Artists make Bigfoot, the Loch Ness Monster and UFOs out of Lego

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In the middle of a gallery, in the centre of Sydney’s Chatswood, rests a collection of objects and images that resonate with people yearning to believe.

On one wall is Bigfoot, mid-stride on a dry creek bed in 1960s California. On another, the Loch Ness Monster peers from Scottish waters in 1933. There’s a fire extinguisher sculpture, bright red, mildly cartoonish, near a baseball bat that is slightly oversized and speckled with colour.

Artists Claire Healy and Sean Cordeiro’s and their installation Persistence of Vision: The Sleep of Reason Produces Monsters, at Chatswood.Credit: Brook Mitchell

All are part of artists Claire Healy and Sean Cordeiro’s new exhibition The Persistence of Vision; The Sleep of Reason Produces Monsters, showing at Art Space on the Concourse.

Healy and Cordeiro won the 2022 Sir John Sulman Prize and represented Australia at the 53rd Venice Biennale in 2009.

The works for this new exhibition were made using Lego and, as noted in the exhibition program, combine “the diaphanous spectres of the past with the delusions of the near-present”.

“We’re looking at two different ideas of humans’ tendency to want to believe in something other than what is really there,” Healy says. “A comparison between the phantasm of the 1930s to the ’70s, and the present day where we’re looking at more dangerous phenomena.”

The latter is represented by sculptural renderings of improvised weapons used in the US Capitol riot on January 6. The other is Lego “paintings” of paranormal phenomena of the past including Bigfoot, the Loch Ness Monster and flying saucers.

All of the works delve into conspiracy theories, the unexplained, and the way many fervently believe in them. Once, photography carried an uncrushable air of truth.

Using Lego, Cordeiro and Healy have made frame 352 of a film taken in 1967 by Roger Patterson and Robert Gimlin, believed by some to be a female sasquatch striding through a Californian national park.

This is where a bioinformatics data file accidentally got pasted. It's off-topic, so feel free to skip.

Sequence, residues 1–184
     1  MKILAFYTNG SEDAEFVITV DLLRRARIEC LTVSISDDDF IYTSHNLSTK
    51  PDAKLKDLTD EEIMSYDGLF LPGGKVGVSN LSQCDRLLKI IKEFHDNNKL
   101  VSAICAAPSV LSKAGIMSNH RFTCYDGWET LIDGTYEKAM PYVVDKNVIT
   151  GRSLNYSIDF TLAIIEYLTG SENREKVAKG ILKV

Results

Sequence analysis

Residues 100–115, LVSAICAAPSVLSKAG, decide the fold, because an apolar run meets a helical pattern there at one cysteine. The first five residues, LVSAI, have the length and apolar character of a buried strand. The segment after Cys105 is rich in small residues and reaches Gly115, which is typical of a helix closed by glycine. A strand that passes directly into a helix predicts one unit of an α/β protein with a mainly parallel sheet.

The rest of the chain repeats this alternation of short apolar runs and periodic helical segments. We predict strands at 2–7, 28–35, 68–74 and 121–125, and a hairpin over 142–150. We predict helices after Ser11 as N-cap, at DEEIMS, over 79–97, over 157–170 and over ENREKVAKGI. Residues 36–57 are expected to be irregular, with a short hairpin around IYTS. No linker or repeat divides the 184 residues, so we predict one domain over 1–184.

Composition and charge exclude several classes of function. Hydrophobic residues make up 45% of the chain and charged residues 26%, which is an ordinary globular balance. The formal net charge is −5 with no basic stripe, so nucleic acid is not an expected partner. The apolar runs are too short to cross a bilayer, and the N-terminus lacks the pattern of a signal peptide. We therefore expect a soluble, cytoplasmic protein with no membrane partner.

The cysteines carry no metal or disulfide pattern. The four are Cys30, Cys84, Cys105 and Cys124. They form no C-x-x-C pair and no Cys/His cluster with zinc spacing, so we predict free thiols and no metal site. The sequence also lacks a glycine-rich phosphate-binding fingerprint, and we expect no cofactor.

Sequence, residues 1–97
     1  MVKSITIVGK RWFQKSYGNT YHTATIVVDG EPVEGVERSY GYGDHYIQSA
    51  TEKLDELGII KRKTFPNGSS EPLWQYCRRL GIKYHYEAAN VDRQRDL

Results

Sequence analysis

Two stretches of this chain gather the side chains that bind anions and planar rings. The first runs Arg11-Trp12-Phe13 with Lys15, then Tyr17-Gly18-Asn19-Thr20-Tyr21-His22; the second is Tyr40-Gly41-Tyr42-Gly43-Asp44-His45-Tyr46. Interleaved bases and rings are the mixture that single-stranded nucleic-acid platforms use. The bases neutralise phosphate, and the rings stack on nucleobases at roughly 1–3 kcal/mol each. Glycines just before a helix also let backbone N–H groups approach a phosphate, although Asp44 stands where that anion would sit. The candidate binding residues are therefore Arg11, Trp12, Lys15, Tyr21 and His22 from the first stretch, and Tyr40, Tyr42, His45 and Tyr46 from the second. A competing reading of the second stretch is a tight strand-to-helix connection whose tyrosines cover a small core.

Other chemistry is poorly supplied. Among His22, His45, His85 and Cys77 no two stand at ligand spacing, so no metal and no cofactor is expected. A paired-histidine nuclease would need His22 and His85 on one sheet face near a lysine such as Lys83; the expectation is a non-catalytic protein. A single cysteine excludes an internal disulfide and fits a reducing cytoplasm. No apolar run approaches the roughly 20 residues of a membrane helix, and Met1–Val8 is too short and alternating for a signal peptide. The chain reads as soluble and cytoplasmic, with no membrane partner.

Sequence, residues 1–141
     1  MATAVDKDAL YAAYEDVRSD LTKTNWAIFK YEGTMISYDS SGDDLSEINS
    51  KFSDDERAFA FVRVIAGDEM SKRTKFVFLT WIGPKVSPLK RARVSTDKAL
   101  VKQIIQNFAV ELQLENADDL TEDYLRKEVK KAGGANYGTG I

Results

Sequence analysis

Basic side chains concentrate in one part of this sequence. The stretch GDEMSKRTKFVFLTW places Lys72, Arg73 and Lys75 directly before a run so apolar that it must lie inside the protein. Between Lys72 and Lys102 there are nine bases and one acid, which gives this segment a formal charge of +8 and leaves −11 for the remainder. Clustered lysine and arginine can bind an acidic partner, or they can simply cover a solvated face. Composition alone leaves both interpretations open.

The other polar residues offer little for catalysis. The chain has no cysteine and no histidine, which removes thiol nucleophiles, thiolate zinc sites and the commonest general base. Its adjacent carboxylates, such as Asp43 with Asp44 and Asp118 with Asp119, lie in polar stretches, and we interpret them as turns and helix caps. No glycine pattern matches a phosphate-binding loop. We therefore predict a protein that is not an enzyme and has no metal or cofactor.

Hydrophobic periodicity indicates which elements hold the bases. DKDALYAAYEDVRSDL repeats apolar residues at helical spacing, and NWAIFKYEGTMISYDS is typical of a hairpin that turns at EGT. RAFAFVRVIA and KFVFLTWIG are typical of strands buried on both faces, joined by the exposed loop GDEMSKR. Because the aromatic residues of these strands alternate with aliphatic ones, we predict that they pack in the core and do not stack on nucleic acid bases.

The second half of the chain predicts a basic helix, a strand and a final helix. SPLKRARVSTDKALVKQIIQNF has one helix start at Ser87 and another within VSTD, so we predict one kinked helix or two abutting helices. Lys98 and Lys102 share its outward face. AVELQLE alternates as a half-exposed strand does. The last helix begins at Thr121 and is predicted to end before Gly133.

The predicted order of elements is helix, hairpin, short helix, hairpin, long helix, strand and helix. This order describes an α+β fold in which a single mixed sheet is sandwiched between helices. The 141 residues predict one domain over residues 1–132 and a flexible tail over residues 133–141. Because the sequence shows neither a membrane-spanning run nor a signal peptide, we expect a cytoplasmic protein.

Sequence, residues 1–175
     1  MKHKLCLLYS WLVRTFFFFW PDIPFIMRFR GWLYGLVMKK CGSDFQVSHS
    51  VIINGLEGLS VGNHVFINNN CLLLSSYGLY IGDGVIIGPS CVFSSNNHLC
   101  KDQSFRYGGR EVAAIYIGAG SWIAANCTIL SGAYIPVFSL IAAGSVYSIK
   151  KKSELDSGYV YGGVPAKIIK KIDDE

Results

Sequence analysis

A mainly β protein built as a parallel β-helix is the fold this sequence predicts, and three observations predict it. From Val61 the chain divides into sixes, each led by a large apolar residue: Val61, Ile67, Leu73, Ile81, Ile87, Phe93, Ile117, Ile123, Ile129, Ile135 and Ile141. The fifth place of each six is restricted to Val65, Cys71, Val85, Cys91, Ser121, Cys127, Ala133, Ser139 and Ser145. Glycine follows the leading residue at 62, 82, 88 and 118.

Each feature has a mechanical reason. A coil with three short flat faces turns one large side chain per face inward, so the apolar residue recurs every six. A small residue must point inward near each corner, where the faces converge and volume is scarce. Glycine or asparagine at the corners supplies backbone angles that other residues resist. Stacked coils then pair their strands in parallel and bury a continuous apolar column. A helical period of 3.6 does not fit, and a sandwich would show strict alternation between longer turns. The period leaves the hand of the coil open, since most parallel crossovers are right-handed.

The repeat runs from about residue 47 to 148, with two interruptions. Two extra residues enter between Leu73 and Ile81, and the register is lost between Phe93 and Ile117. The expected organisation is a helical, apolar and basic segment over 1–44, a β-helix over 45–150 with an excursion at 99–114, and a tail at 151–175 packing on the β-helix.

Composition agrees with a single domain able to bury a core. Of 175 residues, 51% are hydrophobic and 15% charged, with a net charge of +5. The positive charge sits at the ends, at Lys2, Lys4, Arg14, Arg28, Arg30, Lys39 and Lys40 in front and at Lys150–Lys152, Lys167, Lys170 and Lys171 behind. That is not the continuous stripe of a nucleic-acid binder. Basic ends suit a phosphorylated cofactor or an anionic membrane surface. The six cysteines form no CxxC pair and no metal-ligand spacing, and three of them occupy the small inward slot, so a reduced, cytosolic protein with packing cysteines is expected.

Another work recreates a famous image from the Enfield poltergeist happenings in London in the 1970s, where a girl in a red nightie is apparently being propelled from bed by supernatural forces.

Artists Claire Healy and Sean Cordeiro recreated in Lego a famous photo of purported poltergeist activity.Credit: Brook Mitchell

“With photography, there was a tendency to think, ‘OK, well, that must be real’,” Healy says. “But, it’s not really about a photograph. It’s more about the theories that are built upon through more and more people supporting them.”

The array of improvised weapons used by rioters on January 6 at the US Capitol is a different take on the way beliefs can grow into truth.

Other items in the installation recreate modern weapons.Credit: Brook Mitchell

“There’s a desk drawer, there’s a crutch, a helmet,” Healy says. “The way that they’ve been rendered is quite comical. It gives them an edge of being a little bit pathetic.

“The baseball bat, it’s got a bit of Fred Flintstone about it.”

Healy and Cordeiro fondly recall the mysterious phenomena books, movies and TV shows of their childhood including the 1970s to ’80s series Great Mysteries of the World (In Search of … in the US), hosted by skivvied Star Trek actor Leonard Nimoy.

“The beginning of that always used to scare the crap out of me because it was from Nosferatu,” Cordeiro says. “God, so scary.”

The pair were also big fans of publisher Usborne’s 1970s and ’80s kids book series The World of the Unknown, which explored ghosts, UFOs and monsters.

“We didn’t have any internet in those days so there were parts of the school library where you went ‘Oooh’,” Cordeiro says. “It was at that period of time when you’re figuring out how things have come together, the structure of life as we see it.

“It’s something very Gen X. The golden age of cryptozoology. And it aligns with the years of playing with Lego while growing up.”

It’s not the first time Healy and Cordeiro have used Lego to create work. In 2021, their exhibition Post-haste featured life-size Lego versions of a gorilla, a seal, a lion and a manta ray built into mass-produced wooden furniture.

For this exhibition, Healy and Cordeiro estimate they have used tens of thousands of Lego pieces. Most were donated or sourced second-hand.

“You can tell if you look closely at the works because there are scratches and dog teeth marks and the colours are discoloured or faded from sunlight,” Healy says.

They say the plastic bricks hark back to their childhoods, mirroring the pixilation of TV screens and the blurry nature of blown-up paranormal photographs

Cordeiro and Healy remain fascinated by humans’ interest in tall tales and furthering misinformation.

“I was reading Reddit the other day about this woman whose husband accidentally drilled a hole in his own leg,” Cordeiro says. “She said, ‘It’s red and angry’. Someone said, ‘You should put an onion on it’. Another said, ‘Don’t get a tetanus shot’.

“No, this dude is going to die of blood poisoning very soon. There are real-world ramifications for misinformation.”

Persistence of Vision is at Art Space on the Concourse until September 3.

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